What is the 'Doctrine Of Utmost Good Faith'

The doctrine of utmost good faith is a minimum standard that requires both the buyer and seller in a transaction act honestly toward each other and not mislead or withhold critical information from one another. The doctrine of utmost good faith applies to many common financial transactions. It is also known in its Latin form as "uberrimae fidei."

BREAKING DOWN 'Doctrine Of Utmost Good Faith'

In the insurance market, the doctrine of utmost good faith requires the party seeking insurance discloses all relevant personal information. For example, if you are applying for life insurance, you are required to disclose any previous health problems you may have had. Likewise, the insurance agent selling you the coverage must disclose the critical information you need to know about your contract and its terms.

The doctrine of utmost good faith provides general assurance that the parties involved in a transaction are being truthful and acting in an ethical way. This can include ensuring all relevant information is available to both parties while negotiations are taking place or amounts are being determined.

Uses of the Doctrine of Utmost Good Faith

Aside from the aforementioned use in the insurance market, good faith may also be exercised while completing various financial transactions. This can include when a business or individual seeks financing from banking institutions, or when a financial institution provides a fee estimate as a real estate loan is in process.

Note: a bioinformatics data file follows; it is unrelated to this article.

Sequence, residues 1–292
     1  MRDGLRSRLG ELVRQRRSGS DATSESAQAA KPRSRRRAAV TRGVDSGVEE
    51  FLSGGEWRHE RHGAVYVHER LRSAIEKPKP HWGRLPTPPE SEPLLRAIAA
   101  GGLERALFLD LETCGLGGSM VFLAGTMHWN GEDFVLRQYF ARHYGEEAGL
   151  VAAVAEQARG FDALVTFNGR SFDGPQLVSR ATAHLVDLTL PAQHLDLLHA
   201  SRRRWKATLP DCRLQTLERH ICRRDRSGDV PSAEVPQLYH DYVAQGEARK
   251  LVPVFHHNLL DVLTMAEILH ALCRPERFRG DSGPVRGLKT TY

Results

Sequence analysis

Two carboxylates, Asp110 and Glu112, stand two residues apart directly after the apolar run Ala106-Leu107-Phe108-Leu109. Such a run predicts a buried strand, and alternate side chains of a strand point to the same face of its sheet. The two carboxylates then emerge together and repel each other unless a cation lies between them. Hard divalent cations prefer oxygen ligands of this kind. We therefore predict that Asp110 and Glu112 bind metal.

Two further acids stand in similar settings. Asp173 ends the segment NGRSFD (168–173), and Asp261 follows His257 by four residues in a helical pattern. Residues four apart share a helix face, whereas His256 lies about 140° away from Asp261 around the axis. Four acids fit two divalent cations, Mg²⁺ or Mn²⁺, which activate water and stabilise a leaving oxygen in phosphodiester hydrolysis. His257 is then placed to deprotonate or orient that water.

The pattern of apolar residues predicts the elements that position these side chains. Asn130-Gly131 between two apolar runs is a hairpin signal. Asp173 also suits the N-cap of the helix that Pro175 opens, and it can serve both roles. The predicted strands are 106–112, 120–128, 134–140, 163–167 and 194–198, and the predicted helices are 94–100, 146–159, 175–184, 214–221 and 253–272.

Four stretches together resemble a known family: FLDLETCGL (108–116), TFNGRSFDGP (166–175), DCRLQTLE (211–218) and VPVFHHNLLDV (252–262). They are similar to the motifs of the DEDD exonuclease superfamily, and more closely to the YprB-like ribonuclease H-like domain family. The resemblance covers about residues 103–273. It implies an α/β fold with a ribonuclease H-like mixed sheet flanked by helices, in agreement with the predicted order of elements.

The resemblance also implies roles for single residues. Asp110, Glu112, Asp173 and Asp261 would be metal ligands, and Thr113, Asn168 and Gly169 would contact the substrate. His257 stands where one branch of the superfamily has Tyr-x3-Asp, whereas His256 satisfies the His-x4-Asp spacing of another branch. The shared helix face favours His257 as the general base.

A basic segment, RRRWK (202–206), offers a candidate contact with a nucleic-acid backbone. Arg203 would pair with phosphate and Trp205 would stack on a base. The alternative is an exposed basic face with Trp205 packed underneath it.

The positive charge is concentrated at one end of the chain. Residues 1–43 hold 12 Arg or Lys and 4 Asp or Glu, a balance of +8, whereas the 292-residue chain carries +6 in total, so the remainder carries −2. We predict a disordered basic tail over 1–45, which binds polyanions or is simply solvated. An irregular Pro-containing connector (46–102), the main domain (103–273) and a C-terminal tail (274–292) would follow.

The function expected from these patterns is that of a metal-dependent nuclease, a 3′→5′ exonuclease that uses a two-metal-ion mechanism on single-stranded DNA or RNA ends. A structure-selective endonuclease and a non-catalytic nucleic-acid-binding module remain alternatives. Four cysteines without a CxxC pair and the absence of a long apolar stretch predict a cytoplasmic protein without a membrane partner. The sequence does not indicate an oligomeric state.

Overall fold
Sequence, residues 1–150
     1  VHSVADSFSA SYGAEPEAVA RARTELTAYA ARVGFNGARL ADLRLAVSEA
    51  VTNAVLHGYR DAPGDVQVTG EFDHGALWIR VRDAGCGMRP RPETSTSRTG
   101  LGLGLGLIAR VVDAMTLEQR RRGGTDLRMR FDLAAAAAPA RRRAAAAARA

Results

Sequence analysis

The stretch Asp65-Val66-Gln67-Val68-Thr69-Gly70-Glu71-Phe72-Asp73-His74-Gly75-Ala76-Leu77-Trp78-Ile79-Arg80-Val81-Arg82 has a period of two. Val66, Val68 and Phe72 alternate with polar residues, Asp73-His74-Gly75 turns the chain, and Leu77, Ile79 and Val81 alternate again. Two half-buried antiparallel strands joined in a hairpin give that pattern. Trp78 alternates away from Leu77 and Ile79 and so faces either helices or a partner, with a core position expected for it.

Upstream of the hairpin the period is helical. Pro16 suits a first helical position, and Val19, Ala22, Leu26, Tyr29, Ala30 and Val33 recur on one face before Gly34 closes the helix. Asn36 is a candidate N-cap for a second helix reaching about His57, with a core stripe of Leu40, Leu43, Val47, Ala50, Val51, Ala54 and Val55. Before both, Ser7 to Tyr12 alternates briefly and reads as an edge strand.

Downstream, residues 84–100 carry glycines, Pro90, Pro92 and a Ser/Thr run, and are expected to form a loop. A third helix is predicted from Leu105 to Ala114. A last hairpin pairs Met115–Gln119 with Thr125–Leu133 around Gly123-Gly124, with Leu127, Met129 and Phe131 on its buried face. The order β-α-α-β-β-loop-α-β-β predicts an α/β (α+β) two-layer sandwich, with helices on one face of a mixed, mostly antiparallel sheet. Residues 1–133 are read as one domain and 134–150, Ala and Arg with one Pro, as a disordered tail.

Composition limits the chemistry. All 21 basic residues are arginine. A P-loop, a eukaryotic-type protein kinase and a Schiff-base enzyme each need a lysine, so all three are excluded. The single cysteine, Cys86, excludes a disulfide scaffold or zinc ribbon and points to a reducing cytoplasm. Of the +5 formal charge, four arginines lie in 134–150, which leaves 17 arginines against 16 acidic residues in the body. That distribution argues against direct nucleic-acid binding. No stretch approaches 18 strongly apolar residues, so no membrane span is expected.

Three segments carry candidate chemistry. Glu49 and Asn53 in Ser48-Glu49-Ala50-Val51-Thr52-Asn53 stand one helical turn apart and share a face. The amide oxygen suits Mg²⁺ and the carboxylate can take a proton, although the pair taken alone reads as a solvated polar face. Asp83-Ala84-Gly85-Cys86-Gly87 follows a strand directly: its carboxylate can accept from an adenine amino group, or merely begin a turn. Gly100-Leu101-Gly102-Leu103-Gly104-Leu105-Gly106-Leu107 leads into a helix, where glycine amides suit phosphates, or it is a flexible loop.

Often, estimates provided by certain service providers are made in good faith. In this context, it refers to the fact the service provider, such as a plumber or electrician, is confident in the cost estimate based on the known factors surrounding the transaction, in this case a repair. It is considered good faith only, and not legally bonding, as it acknowledges that not all variables are known. Certain issues may not be discoverable, by the service provider or the person requesting service, until certain work has begun.

Repercussions for Violations of Good Faith

Depending on the nature of the transaction, violations of the doctrine of good faith can result in a variety of consequences. Most commonly, whatever contract was drawn based on inaccurate information, caused by intentional misinformation or failure to disclose, may cause the contract to become null and void.

Further, if certain goods or services were provided prior to the information being discovered or disclosed, certain legal actions may be within the right of the misinformed party, including the right to recoup any costs associated with the fulfillment of the contract that could be deemed fraudulent in nature.

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